This set resembles two earlier sets of similar design (Scott #350-74 and 375-85), but may be distinguished by the differences in color, and because in the earlier sets, there were 7 dots in the panels below the portrait, whereas in the 1936-44 set, there are only 6.
As the set was issued over a period of about eight years and few Uruguayans of that period could afford to collect pricey stamps, it is likely that most of the sets were used as postage and discarded. I would not be surprised if fewer than 1,500 remain, in any condition.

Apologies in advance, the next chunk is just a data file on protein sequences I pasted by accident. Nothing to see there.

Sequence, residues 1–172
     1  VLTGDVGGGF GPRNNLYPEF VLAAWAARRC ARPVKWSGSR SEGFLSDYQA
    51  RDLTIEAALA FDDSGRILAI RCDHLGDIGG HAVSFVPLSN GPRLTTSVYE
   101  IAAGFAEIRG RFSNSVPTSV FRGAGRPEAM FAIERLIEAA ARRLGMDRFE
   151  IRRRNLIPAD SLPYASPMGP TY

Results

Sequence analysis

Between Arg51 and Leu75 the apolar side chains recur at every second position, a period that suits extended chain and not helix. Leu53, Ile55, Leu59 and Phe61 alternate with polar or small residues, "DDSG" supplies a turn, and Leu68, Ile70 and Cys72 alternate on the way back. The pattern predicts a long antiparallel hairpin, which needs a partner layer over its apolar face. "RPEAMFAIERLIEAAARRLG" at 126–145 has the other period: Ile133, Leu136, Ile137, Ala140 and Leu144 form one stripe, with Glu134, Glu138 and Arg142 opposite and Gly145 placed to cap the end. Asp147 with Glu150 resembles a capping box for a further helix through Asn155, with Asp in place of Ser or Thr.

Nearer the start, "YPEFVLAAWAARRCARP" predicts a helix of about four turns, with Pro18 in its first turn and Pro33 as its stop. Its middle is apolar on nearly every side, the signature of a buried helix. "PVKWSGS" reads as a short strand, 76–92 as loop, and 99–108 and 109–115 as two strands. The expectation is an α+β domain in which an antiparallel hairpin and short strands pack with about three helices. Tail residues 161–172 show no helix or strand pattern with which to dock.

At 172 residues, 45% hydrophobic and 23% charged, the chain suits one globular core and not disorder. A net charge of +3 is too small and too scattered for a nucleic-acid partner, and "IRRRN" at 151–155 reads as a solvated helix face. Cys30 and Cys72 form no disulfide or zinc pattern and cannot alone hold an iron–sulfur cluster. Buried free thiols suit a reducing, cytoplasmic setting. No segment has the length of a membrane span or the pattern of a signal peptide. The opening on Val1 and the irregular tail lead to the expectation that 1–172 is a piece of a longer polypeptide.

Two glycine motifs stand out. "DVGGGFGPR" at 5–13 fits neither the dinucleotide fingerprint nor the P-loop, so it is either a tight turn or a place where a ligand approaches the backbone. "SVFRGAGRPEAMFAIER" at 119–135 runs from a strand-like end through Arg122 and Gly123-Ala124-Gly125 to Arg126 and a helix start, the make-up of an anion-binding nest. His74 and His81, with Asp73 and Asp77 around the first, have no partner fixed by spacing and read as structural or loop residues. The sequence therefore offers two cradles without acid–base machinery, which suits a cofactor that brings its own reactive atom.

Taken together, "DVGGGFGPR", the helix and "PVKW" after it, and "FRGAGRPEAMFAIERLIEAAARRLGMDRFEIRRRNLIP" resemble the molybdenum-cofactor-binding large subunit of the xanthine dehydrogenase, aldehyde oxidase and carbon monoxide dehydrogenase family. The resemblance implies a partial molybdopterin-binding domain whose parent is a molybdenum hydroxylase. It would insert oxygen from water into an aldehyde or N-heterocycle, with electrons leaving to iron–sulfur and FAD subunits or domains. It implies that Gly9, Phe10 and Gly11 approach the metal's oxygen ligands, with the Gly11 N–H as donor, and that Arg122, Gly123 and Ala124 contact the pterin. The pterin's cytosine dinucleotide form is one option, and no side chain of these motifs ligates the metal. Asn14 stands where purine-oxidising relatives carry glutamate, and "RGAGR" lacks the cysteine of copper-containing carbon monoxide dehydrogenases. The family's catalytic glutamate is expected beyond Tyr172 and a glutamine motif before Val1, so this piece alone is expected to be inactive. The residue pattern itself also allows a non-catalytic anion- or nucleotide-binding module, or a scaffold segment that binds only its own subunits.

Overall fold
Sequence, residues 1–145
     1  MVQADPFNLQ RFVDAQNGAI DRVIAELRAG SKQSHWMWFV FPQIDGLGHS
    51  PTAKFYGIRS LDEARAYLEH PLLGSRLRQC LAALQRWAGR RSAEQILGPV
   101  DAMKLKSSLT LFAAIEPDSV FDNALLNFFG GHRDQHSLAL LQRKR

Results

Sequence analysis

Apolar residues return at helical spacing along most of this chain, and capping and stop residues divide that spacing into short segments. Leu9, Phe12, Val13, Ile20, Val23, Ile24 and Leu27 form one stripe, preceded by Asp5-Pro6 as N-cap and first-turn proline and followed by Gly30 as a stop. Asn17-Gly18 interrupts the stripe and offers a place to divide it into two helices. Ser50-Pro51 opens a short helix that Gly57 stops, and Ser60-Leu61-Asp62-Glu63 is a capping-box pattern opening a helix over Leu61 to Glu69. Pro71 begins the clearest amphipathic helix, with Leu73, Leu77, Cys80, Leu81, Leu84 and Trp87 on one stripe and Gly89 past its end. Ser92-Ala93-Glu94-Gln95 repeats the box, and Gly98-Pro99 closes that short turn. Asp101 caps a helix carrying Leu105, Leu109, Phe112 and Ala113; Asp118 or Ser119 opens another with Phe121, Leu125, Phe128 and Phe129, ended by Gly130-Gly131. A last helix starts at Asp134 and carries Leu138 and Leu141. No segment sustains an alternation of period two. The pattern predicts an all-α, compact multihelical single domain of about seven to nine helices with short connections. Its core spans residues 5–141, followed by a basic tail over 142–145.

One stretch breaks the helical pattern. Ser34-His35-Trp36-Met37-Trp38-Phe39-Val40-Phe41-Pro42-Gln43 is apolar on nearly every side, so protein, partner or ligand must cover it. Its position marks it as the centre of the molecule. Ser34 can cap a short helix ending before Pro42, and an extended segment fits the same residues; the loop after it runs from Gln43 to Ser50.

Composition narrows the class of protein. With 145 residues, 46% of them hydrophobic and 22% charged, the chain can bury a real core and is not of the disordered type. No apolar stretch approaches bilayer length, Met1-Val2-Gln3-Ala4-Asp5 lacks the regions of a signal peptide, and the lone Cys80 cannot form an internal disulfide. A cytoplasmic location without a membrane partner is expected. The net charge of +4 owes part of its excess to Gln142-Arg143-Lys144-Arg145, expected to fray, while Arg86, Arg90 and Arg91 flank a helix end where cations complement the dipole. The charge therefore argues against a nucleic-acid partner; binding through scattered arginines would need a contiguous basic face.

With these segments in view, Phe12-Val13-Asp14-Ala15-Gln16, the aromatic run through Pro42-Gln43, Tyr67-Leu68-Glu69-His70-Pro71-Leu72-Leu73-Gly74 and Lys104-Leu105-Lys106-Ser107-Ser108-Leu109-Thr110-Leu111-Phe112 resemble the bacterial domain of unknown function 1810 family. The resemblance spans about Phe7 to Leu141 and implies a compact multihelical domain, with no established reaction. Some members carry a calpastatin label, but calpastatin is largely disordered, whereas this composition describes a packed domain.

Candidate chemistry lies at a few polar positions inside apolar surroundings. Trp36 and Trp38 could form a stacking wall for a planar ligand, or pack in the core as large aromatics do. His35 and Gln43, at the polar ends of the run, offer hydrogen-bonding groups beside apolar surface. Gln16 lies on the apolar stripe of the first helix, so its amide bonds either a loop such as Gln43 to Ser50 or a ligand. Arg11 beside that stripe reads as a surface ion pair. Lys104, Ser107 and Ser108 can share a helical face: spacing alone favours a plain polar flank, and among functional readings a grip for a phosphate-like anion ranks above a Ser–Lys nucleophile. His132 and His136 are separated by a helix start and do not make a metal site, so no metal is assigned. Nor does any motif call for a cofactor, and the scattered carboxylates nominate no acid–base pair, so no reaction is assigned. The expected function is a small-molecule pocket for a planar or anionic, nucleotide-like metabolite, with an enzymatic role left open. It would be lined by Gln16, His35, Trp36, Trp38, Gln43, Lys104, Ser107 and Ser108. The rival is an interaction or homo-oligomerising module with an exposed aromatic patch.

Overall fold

With a population of about 3 1/2 million people, most of whom are of European or mixed descent, Uruguay has a stamp collecting population which will probably approach European levels in the years to come. Uruguay is one of the most economically developed, politically stable and least corrupt countries in Latin America, and is moving away from its dependence on agricultural exports and toward development of commercial technologies, especially software. Annual GDP growth has averaged a little over 3% over the last 5 years.
I have begun a new blog, "The Stamp Specialist", which will feature wholesale buy prices for stamps which I am interested in purchasing. It includes a buy list for Uruguay, and includes the set recommended in this article. Viewing dealers' buy lists every now and then is an excellent way to keep current on the vagaries of the stamp market.